The holidays are a time to relax the rules, but a month of overdoing it on food, booze, downtime, and stress takes a toll. Rach's pal Dr. William Li shares his tips for finding balance so you can start the new year happy and healthy.

Advertisement
woman balancing holiday indulges on head
Illustration by Asia Pietrzyk
| Credit: Illustration by Asia Pietrzyk

Eating

"Eating is one of the true joys of the winter holidays, filled with foods that remind you of good times," Li says. "Enjoy them! Just remember: It is possible to enjoy great food while amping up your health." At any gathering, load up on veggies and immunity-boosting foods first—they'll fill you up while fortifying your body's defense systems. Then, add slowly: "The best thing to do is take one-third less of what you might be tempted to put on your plate, and eat it slowly," says the doc. "The more slowly you eat, the more your brain's satiety centers will kick in, telling you you're full."

Drinking

Good cheer flows during the holidays, and that's OK. "Most studies have shown that drinking a glass or two of red wine or beer can benefit your health, but more than that increases your risk for diseases like cancer," Li says. Cap yourself at two drinks, be sure to consume plenty of water, and you're in good shape. And go easy on the hard stuff. "There is no amount of hard liquor that's healthy, so limit intake of mixed drinks."

Lazing

"Holidays are a time to slow down from the frantic pace of work, so it's tempting to become a couch potato," Li says. "Some downtime is definitely good, but being inactive for a few weeks is bad for your heart, brain, and gut." Make an effort to get 30 minutes of activity—any activity—every day. "Even a half-hour walk improves your alertness, punches up your metabolism, and mobilizes stem cells that help regenerate your organs from the inside out," Li says. Make a predinner walk a family tradition so exercise feels less like a chore.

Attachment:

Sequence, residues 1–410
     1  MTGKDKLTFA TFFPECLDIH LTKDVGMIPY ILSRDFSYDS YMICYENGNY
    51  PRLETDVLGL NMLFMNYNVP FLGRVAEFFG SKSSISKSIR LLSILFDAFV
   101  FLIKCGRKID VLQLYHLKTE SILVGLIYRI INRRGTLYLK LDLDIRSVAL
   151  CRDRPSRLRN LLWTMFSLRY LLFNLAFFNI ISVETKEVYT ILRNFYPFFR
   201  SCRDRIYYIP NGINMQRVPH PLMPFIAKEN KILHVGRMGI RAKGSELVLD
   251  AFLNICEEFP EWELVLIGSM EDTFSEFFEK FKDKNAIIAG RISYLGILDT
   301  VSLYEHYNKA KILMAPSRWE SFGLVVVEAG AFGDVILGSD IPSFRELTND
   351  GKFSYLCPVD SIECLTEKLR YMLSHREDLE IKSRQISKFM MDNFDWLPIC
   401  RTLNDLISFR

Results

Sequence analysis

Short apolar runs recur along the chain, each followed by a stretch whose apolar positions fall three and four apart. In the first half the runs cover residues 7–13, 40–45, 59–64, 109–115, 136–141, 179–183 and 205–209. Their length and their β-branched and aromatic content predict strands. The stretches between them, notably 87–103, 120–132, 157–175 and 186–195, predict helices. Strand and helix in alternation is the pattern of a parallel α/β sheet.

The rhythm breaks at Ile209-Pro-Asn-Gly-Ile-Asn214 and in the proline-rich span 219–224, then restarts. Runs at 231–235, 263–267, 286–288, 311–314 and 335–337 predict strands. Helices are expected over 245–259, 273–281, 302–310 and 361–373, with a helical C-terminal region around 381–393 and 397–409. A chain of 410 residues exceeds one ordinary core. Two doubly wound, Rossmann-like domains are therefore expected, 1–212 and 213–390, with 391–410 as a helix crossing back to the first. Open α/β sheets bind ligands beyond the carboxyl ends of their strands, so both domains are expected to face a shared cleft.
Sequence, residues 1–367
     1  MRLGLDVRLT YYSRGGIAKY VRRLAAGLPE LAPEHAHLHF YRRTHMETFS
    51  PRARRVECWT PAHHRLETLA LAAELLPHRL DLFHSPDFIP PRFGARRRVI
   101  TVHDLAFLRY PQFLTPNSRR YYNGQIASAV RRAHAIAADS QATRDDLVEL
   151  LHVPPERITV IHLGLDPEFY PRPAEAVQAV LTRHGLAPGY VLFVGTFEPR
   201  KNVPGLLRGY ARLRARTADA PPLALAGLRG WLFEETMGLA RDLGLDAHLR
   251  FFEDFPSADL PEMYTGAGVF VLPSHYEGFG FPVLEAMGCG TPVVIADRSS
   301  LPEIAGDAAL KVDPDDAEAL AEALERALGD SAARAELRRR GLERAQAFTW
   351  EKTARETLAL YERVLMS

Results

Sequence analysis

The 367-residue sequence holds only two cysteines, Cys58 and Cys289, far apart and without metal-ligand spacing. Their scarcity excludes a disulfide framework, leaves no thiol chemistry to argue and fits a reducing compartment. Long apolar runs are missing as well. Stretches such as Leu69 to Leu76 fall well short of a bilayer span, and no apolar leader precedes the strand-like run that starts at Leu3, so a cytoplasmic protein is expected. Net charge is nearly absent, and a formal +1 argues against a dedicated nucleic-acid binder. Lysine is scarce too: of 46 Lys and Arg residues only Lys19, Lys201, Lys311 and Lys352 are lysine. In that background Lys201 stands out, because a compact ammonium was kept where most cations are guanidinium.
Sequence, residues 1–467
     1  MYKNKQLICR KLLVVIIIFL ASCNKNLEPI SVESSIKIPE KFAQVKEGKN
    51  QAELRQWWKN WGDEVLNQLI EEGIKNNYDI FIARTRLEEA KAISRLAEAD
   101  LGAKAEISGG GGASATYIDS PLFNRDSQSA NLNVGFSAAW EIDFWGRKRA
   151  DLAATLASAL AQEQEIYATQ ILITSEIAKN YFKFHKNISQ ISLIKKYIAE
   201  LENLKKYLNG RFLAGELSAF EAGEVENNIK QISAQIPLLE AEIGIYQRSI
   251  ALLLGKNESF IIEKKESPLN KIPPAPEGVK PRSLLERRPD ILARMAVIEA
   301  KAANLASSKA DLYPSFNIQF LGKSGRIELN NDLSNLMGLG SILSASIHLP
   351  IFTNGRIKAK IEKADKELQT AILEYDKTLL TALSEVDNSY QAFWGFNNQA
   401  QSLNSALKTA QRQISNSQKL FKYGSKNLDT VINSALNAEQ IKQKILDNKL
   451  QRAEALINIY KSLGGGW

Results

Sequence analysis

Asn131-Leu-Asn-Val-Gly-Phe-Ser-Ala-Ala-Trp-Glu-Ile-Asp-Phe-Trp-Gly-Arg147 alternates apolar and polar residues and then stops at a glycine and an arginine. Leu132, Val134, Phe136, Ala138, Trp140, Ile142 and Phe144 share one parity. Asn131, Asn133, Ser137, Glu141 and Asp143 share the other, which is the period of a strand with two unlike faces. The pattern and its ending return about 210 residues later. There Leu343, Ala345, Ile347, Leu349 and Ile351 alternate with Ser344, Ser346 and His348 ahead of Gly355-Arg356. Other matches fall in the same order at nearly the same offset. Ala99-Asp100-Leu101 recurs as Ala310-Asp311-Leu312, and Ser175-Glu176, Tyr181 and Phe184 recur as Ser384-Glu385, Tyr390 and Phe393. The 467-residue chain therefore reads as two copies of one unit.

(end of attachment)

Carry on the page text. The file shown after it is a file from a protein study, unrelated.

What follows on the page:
Stressing

It's not uncommon to feel stress during the holidays, Li says, but it's critical to do what you can to mitigate it: "Stress increases catecholamines—brain hormones designed for fight or flight—which lowers your immunity and makes it easier to get sick, especially dangerous given COVID-19." Stress also clouds your judgement, making unhealthy food choices more likely. Ideally, the doc recommends two hours of true downtime each day during the hectic holidays, but if that's not feasible, start with a solid 30 minutes. "This means being away from your phone and laptop and spending time alone, whether that's reading, taking a relaxing bath, or even preparing a meal in the kitchen." Oh, and don't talk politics or other stress-inducing topics at the table!

woman cross legged menu reading
Credit: Illustration by Asia Pietrzyk

Dr. Li’s Favorite Immunity-Boosting Winter Foods

1. Cocoa

Keep the hot cocoa coming—the ingredients include antioxidants and polyphenols, which can increase the number of heart-strengthening stem cells.

2. Citrus Fruits

In-season citrus fruits like oranges and grapefruits are high in vitamin C. That helps the body boost immunity.

3. Hard Cheeses

Add Gouda, Jarlsberg, Edam, Gruyère, or other hard cheeses to your charcuterie board to get vitamin K2, which can starve cancer cells.

4. Apple Cider

Apples help suppress inflammation and slow the growth of bad blood vessels, so warm up a cloudy cider with apple bits to get all the nutritional benefits.

5. Pecans

As a snack or in a pie, pecans contain heart-healthy fats and fiber that support gut health.

This article originally appeared in our Holiday 2020 issue. Get the magazine here.